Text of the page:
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Cost and Value in Higher Education

by Dr. Robert Pearigen

 

Dr. Robert Pearigen, President of Millsaps CollegeIn recent weeks, President Obama has weighed in on the important subject of higher education in America. Much of the conversation has focused on the cost of a college education and the very real challenges of student debt looming over more and more young Americans. As this conversation continues, we must also seriously discuss expectations related to student learning and the value of a college education.

While the president's plan includes a new rating system for colleges and universities, which would tie federal funding to their efforts to better manage costs and diversify student enrollment, the plan also calls for greater innovation and competition among institutions of higher learning. The New York Times, in an editorial published on Sunday, August 25, summed it up well, writing that the "basic idea is to give more student aid to colleges that admit more disadvantaged students, that show progress in lowering costs and raising scholarships, and that shepherd students to earn a degree."

Advancing legislation to achieve these goals through Congress may take years, time that current college students and rising high school students simply don't have. At institutions like Millsaps College, we have already been working to implement these objectives with our student scholars and high school students who seek to be part of our community and earn their degree with us.

Earning a college degree can be expensive, but study after study shows that a high quality education is the best investment a family can make. At Millsaps, we help our students to reduce their costs, and we are proud that 96% of our students receive financial assistance through a combination of scholarships based on academic merit, talent in performing or visual arts, and family financial need. And, after graduation from Millsaps, 95% of our alumni are employed or in graduate school within six months. Those results are just one aspect of the educational value we deliver.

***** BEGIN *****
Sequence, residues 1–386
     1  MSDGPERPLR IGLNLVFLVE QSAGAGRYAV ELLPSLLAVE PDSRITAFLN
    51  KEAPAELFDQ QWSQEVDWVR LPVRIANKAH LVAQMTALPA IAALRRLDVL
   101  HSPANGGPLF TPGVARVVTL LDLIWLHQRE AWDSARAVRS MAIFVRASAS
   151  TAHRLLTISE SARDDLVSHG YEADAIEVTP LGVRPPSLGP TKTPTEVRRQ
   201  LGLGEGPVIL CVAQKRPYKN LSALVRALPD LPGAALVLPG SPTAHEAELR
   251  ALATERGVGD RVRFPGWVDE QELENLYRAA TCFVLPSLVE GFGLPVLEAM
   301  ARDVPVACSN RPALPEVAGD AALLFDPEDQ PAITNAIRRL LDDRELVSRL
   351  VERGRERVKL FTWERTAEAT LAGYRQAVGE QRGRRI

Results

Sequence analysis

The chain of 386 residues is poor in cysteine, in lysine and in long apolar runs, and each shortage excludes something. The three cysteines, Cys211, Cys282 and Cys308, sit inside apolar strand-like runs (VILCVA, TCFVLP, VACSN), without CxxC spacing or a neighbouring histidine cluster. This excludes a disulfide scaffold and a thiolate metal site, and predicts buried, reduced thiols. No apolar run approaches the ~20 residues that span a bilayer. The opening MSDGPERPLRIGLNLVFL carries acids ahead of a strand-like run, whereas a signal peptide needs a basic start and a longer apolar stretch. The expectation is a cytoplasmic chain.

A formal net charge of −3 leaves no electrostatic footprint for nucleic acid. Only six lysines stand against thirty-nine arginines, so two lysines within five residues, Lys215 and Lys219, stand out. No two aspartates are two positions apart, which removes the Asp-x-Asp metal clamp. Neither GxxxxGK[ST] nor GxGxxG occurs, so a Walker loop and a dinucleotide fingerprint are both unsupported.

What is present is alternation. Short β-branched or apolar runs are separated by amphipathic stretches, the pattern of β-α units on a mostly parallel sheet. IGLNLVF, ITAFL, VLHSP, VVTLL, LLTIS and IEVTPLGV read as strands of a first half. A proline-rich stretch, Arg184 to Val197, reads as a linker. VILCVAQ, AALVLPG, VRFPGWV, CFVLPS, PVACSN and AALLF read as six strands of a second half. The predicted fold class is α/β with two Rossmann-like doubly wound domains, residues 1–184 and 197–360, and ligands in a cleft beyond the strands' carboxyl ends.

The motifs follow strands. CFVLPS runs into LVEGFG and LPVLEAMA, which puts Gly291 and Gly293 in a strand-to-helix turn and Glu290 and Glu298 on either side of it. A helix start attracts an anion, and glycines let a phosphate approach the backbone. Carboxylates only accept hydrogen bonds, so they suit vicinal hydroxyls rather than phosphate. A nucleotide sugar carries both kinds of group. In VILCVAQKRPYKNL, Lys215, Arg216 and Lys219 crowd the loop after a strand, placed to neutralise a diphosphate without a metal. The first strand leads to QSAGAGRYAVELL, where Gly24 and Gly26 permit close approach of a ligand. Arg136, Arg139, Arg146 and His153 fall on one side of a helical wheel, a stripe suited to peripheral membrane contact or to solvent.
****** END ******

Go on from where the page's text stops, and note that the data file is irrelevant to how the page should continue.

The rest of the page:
Crafting an accurate comparison of cost and financial assistance between smaller, private colleges and larger, public universities is difficult and can provide a misleading picture. Residential liberal arts colleges offer experiences that can't always be found in a larger college atmosphere. Large public universities provide an excellent opportunity for many students, but we offer a different experience for the students who come to our campus.

At Millsaps, there are key expectations and promises that we provide to our students, including substantive daily interaction and close working relationships with faculty (94% of whom hold the highest degrees in their fields). And all of our classes, which average 14 students, feature honors level teaching. Developing skills of critical thinking, problem solving, and written and oral communication are hallmarks of not just some but all of our classes at Millsaps. The Millsaps experience, both in and outside of the classroom, also encourages students to entertain and discuss questions about faith, values, ethics, and purpose - questions that will continue to challenge them throughout their lives and careers.

Like other private colleges, we recognize that we cannot compete with public universities in terms of cost alone. We know, however, that we excel in terms of value - not only because we "shepherd" students to earn their degree in four years or fewer, but because we do it from a perspective that recognizes, respects, and challenges students to learn in a way that fully prepares them for success and leadership after graduation.

American historian Will Durant once wrote, "Education is a progressive discovery of our own ignorance." For tens of thousands of students in America, this process of discovery is unfortunately becoming more elusive as the cost of higher education continues to rise.

President Obama's focus on education is a welcome reminder to all of us who work to teach, support, and mentor college students. Addressing the issues of his proposals - and more importantly, working to resolve those issues - will help us all to concentrate our complete attention on the exciting journey of learning.

 

This op-ed by President Pearigen appeared in Jackson's Clarion-Ledger in September 2013.